The authors concluded that high-risk PC was linked with “substantially higher” rates of long-term major depression and suicide (10 or more years after PCa diagnosis). They recommend that prostate cancer survivors “…need close follow-up for timely detection and treatment of psychosocial distress.”[iii] These findings are consistent with other published studies revealing two clear themes: “…a cancer diagnosis with or without pre-existing mental health comorbidities is a risk factor for suicide; and that there is a significant incidence and prevalence of anxiety and depression in cancer patient populations.”[iv]

Thus, it is important to recognize and be sensitive to the emotional state of PCa patients, especially those who are diagnosed with high-risk PCa, accompanied by aggressive treatments—and especially those who are on ADT over a long duration. Encouraging PCa patients to tune into their feelings, and supporting them in expressing what’s going on in their minds and hearts, would be a contribution not only to men’s physical health, but also their emotional and psychological wellness.

NOTE: This content is solely for purposes of information and does not substitute for diagnostic or medical advice. Talk to your doctor if you are experiencing pelvic pain, or have any other health concerns or questions of a personal medical nature.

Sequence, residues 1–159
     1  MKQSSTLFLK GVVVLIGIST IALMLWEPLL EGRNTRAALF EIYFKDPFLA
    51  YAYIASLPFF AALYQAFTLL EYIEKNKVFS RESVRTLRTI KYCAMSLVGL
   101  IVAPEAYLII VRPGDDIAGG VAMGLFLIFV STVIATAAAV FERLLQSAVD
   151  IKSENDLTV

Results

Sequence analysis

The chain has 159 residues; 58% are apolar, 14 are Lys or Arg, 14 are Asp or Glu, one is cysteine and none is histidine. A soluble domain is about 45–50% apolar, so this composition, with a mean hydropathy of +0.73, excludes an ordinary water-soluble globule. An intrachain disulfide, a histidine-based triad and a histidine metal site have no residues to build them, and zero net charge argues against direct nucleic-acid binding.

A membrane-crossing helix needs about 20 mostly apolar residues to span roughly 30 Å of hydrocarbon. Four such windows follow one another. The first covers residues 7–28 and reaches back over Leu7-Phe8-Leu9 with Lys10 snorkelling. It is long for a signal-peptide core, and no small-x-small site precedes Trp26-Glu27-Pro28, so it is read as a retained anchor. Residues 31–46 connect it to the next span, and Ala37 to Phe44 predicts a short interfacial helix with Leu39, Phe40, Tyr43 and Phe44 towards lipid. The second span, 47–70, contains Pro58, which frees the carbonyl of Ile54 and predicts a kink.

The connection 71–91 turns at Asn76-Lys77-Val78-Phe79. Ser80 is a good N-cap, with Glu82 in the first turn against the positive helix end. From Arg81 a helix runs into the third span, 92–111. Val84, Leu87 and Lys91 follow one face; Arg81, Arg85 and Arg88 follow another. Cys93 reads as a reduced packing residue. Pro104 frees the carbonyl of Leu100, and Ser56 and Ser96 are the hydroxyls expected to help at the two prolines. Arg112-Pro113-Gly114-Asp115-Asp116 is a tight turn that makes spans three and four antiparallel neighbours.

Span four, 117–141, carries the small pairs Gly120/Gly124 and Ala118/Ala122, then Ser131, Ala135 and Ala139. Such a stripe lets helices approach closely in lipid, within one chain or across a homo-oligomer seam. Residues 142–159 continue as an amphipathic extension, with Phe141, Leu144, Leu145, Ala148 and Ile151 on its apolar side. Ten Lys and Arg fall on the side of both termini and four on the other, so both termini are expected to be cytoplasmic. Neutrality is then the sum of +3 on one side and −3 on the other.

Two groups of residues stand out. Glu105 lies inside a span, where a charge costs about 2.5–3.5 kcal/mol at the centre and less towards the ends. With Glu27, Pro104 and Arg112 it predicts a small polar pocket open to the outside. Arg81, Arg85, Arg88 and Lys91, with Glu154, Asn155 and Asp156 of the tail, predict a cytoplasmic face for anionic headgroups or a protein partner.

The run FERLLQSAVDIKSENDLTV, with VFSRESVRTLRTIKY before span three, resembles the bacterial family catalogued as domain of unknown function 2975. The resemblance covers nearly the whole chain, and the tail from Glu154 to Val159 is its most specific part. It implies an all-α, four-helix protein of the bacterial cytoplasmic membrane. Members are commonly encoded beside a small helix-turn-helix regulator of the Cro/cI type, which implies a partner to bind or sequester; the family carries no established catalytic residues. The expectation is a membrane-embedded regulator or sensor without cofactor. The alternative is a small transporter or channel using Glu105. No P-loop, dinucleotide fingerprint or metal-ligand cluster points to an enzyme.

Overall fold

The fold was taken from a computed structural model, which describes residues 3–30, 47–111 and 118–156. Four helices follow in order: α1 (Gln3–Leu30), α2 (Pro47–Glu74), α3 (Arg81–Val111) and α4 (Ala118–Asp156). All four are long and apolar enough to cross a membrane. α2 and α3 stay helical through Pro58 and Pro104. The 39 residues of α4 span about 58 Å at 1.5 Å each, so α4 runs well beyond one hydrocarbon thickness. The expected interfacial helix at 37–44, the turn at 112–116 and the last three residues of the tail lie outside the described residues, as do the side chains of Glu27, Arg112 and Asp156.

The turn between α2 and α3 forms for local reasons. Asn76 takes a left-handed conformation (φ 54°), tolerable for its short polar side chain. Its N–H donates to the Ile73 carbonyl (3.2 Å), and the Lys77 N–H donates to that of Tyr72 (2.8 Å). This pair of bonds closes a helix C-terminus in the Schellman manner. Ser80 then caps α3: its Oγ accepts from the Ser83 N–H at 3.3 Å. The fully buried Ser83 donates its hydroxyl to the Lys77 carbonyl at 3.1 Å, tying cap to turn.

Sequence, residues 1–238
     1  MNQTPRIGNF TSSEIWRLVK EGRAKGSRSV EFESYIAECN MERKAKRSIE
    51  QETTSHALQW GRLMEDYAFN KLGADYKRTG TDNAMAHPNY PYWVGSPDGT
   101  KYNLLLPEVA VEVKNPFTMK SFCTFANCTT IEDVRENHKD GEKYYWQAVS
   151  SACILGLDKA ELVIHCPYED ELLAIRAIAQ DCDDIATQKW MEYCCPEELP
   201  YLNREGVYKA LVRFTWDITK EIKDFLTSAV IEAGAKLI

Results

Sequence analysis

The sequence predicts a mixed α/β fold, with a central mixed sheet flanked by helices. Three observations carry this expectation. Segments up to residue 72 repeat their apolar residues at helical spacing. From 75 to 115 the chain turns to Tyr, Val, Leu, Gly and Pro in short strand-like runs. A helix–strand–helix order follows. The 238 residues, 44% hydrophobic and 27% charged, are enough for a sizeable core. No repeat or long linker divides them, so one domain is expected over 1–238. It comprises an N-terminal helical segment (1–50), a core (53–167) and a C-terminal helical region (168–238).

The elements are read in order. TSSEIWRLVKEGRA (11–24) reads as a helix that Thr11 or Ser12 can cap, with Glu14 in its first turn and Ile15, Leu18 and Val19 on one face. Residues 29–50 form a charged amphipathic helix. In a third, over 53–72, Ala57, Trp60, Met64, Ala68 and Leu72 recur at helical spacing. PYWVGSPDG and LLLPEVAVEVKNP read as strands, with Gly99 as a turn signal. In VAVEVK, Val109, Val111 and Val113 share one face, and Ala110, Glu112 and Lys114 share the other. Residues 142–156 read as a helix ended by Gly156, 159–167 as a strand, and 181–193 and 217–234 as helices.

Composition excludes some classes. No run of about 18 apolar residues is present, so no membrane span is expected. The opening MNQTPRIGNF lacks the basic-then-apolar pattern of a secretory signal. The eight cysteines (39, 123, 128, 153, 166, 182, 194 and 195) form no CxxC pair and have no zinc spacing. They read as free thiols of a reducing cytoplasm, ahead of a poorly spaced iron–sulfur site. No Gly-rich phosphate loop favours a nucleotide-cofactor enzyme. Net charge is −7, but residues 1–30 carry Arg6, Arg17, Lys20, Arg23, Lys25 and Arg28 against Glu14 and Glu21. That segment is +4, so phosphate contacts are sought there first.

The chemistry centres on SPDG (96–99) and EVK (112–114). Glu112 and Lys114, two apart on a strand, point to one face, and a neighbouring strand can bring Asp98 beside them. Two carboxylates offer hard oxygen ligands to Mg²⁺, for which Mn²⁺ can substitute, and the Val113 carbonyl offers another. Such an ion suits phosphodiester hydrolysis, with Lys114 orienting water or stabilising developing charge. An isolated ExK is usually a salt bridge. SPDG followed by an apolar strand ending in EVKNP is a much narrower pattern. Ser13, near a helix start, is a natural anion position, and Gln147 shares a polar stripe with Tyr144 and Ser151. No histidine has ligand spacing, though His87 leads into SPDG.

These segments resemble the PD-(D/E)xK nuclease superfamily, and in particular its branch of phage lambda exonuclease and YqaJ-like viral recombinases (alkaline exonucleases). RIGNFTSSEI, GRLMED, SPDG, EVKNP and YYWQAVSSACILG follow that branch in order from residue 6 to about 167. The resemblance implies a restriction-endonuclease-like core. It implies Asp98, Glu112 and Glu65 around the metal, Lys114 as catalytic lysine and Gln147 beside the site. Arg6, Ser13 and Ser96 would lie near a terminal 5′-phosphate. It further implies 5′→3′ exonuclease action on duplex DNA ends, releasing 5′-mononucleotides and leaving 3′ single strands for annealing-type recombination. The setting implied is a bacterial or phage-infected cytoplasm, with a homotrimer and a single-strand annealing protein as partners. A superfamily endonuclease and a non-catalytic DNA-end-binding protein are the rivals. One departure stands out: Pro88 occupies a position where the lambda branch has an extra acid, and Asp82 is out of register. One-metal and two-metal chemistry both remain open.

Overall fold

[i] Fiona Milligan. “Suicide and Women Living with and Beyond a Beast Cancer Diagnosis.” British Journal of Nursing. Oct. 2022. https://www.britishjournalofnursing.com/content/professional/suicide-and-women-living-with-and-beyond-a-breast-cancer-diagnosis/
[ii] Crump C, Stattin P, Brooks JD, Sundquist J, Bill-Axelson A, Edwards AC, Sundquist K, Sieh W. Long-term Risks of Depression and Suicide Among Men with Prostate Cancer: A National Cohort Study. Eur Urol. 2023 Sep;84(3):263-272.
[iii] Ibid.
[iv] Fiona Milligan, ibid.


About Dr. Dan Sperling

Dan Sperling, MD, DABR, is a board certified radiologist who is globally recognized as a leader in multiparametric MRI for the detection and diagnosis of a range of disease conditions. As Medical Director of the Sperling Prostate Center, Sperling Medical Group and Sperling Neurosurgery Associates, he and his team are on the leading edge of significant change in medical practice. He is the co-author of the new patient book Redefining Prostate Cancer, and is a contributing author on over 25 published studies. For more information, contact the Sperling Prostate Center.

You may also be interested in...

WordPress Image Lightbox